How to Share Your MDI Data

Sharing your MDI data with others is a critical first step to improve outcomes for children. Sharing your reports raises awareness of the holistic nature of child well-being, increases opportunities for local dialogue, and encourages the use of a neutral, fact-based way to discuss the strengths and challenges present in your community.

This isn’t always an easy task – we know many people can be apprehensive about presenting data, or avoid doing so altogether.

But let us reassure you: You don’t need to have it all figured out before you present your data. In fact, the whole point is to make sense of your data together.

An appreciative approach leads to discovery.

  • What is your school or community doing well?
  • What ideas emerge to improve and sustain these initiatives?
  • What elements could you highlight to show a positive story happening at your school or community?

A traditional approach to change is to solve a problem. This often leads to presentations of data that focus on low or weak results. Yet the MDI was designed to uncover the strong, protective, and positive things in children’s lives that can build resilience and foster well-being.
When sharing your MDI data with others and engaging them in dialogue, take an appreciative approach. This will shift the focus from “what’s wrong” to recognizing the positive factors that already exist in the lives of children in order to strengthen, replicate, or expand them.

Reflecting on where efforts are already succeeding or making great strides can help ward off feelings of disappointment. Encouraging a vision for a future in which all children are thriving – a vision rich in detail – can ensure the focus remains on moving forward, not giving up. And thinking deeply about the places and times children do experience love, wonder, safety, and joy can stimulate new ideas to ensure environments support those feelings whenever possible.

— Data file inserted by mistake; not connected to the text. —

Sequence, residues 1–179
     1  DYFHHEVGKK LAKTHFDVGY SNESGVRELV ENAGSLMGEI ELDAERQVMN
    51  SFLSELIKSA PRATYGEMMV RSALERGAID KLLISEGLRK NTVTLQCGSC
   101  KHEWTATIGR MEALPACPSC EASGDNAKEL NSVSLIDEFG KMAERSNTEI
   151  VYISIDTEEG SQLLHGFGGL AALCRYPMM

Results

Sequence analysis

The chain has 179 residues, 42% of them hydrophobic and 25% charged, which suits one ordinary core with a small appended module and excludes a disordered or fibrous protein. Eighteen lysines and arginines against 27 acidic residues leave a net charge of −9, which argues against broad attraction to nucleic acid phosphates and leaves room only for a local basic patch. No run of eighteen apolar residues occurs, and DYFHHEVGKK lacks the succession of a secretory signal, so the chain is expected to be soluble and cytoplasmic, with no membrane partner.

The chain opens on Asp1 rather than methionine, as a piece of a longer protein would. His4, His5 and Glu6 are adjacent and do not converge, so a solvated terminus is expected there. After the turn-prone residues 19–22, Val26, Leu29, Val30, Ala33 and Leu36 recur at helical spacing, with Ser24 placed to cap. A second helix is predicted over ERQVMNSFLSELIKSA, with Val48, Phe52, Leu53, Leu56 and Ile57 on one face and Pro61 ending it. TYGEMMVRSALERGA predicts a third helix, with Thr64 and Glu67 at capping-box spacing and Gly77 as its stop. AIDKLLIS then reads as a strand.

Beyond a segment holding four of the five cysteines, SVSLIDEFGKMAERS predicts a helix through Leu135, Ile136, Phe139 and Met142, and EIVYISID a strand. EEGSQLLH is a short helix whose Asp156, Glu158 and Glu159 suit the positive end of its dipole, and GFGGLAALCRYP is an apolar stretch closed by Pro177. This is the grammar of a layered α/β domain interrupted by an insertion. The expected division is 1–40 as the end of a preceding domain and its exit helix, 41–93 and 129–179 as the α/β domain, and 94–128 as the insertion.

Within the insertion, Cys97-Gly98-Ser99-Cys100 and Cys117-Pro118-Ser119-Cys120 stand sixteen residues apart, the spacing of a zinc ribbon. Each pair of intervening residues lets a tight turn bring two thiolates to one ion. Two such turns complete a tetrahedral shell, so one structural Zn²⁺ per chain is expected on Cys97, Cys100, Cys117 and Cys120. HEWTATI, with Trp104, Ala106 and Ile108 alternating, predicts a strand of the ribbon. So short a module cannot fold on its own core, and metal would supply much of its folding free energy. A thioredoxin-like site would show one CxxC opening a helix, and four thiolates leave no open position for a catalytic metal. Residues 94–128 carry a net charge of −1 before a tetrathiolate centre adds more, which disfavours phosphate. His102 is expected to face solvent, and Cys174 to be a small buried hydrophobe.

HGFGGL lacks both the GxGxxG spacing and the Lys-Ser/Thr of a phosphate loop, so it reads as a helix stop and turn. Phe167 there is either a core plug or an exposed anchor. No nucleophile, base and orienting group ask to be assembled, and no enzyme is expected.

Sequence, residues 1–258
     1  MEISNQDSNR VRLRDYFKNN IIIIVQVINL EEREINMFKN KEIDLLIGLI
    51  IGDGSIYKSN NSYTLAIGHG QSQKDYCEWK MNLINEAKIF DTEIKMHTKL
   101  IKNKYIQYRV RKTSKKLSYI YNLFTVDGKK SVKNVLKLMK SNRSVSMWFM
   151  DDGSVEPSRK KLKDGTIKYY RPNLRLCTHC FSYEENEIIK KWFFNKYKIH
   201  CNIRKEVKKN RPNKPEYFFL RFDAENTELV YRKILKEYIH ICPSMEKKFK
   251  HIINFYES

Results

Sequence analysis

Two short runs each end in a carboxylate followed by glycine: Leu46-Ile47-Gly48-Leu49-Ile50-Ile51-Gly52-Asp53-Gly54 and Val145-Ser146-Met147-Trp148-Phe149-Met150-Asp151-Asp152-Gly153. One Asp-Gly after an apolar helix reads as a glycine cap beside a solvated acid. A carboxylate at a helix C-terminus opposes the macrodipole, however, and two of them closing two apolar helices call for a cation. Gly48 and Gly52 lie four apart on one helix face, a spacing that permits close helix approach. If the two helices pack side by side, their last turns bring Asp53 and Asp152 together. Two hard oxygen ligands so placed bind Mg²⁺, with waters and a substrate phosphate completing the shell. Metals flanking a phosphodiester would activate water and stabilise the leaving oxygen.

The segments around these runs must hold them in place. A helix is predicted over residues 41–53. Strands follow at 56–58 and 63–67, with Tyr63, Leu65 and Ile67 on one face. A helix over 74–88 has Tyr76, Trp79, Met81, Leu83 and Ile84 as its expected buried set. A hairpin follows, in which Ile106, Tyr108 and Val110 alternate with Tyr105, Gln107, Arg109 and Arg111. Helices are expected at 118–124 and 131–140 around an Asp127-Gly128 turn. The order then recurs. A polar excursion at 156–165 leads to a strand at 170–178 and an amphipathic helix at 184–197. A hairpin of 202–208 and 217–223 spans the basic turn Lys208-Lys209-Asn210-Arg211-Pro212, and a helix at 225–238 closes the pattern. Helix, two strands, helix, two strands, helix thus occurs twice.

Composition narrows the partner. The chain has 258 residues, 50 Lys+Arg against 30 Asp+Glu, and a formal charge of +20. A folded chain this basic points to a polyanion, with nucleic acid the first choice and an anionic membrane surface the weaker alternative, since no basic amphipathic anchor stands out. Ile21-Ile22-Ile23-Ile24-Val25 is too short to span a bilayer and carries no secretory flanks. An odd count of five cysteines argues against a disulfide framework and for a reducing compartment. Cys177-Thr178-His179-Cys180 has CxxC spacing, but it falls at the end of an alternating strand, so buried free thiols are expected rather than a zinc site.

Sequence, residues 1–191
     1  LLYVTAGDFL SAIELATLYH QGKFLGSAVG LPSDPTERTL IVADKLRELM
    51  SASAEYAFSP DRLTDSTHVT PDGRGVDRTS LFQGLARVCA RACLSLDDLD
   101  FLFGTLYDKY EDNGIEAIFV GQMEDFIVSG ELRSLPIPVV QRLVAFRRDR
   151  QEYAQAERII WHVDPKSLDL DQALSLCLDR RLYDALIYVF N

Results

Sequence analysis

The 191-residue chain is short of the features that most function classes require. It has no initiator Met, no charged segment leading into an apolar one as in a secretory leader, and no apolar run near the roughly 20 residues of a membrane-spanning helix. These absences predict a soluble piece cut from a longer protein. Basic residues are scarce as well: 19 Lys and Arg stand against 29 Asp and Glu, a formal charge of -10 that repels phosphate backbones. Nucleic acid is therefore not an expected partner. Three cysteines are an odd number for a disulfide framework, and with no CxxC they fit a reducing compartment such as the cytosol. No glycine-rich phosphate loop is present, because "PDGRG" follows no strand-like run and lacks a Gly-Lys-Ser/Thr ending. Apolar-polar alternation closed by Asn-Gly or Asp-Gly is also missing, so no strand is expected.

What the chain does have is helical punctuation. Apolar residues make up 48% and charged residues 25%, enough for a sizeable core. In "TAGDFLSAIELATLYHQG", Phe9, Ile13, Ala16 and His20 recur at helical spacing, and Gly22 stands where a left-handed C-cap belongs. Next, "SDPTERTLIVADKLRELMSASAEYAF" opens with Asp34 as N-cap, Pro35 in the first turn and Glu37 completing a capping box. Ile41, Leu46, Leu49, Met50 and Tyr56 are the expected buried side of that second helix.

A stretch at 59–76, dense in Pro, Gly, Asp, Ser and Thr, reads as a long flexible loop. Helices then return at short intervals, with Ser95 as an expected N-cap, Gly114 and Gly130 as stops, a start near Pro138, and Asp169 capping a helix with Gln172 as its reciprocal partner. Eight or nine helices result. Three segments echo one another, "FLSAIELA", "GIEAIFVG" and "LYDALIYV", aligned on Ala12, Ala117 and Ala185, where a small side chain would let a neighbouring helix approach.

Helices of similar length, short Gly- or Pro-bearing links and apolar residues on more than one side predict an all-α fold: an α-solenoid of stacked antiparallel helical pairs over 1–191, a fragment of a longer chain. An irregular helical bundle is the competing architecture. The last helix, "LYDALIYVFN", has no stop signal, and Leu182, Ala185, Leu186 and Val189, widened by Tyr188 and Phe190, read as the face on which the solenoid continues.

Make Use of Visuals and Local Data.

Numbers don’t need to be boring – just ensure people can quickly grasp and fully connect with the data. The maps, summary indices, and infographics provided in the MDI report and slide decks can help make it easier for audiences to absorb and think critically about the data presented.

The neighbourhood-level maps and narrative summaries in particular provide visually appealing information that is specific to a local population of children. Presentations of these local results allow people to see how their neighbourhood and their children are doing, and imbues what might otherwise be dry numbers with personal meaning. Use these maps to get your audience to start talking about real places they know – have them “fill in” the maps with their own local knowledge.

Make Space for Feelings.

It’s natural for emotions to come to the surface when your audience is fully engaged and motivated by their own passion for educating and caring for children. Be prepared for some of the following responses from participants:

  • Surprise at some or all of the MDI results
  • Frustration or disappointment if they feel their work isn’t moving the dial
  • Feeling defensive or blamed
  • Feeling overwhelmed at the volume or complexity of data
  • Impatience and looking for immediate solutions

Make sure you leave time in your presentation to allow people to process the data and share their feelings. Encourage audience members to articulate how the results make them feel, and how those feelings can be harnessed to motivate continued action.

Get Started with These Tools

Presentation Tips & Checklist
A one-page assistant to make sure you’re ready and guide you through your presentation.
Condensed 1-page summaries of the Core Ideas of Well-Being to print or share digitally.
Framing Worksheet
Help foster reflection and spark dialogue by revealing assumptions & mindsets.
Thinking Critically Worksheet
Give participants space and time to think about why the results are the way they are.
Exploring Data Worksheet
Provide your audience with additional structure as they grow through the MDI Report.